Valerie June started her Sept. 19 set at Amoeba Hollywood with little fanfare, playing guitar steadily and humming hypnotically to a stripped-down version of the title track to Pushin' Against a Stone (on CD or LP), the title track to her fourth and breakthrough album. On record, it's a fuzz-guitar laden soul number; live, June appeared solo, strumming her guitar and allowing her voice to grow slowly over time, moving from low and earthy to high and keening like Joanna Newsom's. "I ain't fit to be no mother" she sang on "Workin' Woman Blues," the album's awesome opener. Though her playing style was rudimentary, she got her point across, playing rough blues riffs and strumming open notes for a droning effect.

Even with a big name producer on her album like The Black Keys' Dan Auerbach, Valerie June isn't an artist who's been polished to a professional sheen. She still came off as an eccentric, saying little and hiding behind sunglasses. While she sometimes played furiously and sang her heart out, it seemed as though she was playing to herself, alone in a room—something that didn't hurt her performance, but rather made it all the more curious.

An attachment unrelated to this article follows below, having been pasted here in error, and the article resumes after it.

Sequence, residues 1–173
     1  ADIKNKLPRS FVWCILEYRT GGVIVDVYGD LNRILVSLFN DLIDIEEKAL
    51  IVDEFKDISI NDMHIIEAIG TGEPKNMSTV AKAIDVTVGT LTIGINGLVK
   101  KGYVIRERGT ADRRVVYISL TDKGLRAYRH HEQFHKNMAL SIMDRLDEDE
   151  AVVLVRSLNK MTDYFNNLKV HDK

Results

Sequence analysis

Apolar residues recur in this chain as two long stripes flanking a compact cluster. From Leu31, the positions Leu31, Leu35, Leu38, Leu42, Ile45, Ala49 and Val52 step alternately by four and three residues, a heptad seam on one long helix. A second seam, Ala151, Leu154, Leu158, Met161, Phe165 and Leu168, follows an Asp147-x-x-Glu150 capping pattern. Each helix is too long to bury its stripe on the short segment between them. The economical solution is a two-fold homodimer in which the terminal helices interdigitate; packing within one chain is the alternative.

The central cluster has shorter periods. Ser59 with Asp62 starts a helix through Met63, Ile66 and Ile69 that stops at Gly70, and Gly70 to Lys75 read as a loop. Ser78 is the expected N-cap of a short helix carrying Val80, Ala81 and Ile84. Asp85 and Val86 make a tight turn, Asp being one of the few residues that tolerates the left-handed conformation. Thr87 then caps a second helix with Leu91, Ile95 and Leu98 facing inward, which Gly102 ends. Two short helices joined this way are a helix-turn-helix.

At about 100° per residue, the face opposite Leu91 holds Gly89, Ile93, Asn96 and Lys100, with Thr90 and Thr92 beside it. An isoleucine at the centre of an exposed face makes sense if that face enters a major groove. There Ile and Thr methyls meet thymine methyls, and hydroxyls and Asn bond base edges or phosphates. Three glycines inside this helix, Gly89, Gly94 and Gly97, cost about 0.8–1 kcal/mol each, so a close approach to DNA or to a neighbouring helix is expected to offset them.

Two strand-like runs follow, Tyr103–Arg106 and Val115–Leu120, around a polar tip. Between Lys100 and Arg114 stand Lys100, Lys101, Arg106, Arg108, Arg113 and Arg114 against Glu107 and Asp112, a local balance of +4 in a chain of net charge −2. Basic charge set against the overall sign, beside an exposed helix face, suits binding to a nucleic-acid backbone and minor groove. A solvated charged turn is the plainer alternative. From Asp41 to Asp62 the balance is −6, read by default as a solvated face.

She strummed a banjo for the stunning "Somebody to Love," really belting and letting her voice break deliberately on the high notes, making the song's yearning sentiment quite literally felt. Soundwise it was tricky—her voice goes from a whisper to a yelp so quickly that she was sometimes barely audible, sometimes piercing. This wasn't exactly the kind of performance you could listen to idly; June demands your attention, which she received to rapturous applause on that song.

She pulled out an older song, the sweet "Rain Dance," and added country shuffle to the song by playing a tambourine with her foot. She showed some chops on banjo on another song, building a drone from a repeated riff that ebbed louder and quieter along with her voice.

"Everybody's got great hair around here," she joked, adding that often touch her dreadlocked mane "like a puppy dog." "As long as your hands are clean, I don't care," she said before playing her last song, a Loretta Lynn-esque number and one of her loveliest, with hard-hitting lyrics—"men are born strong, then broken down," she sang.

See more photos from the event here.

I'm a little bit country...

Posted by The Bay Area Crew, March 29, 2012 06:30pm | Post a Comment
By Kaitlin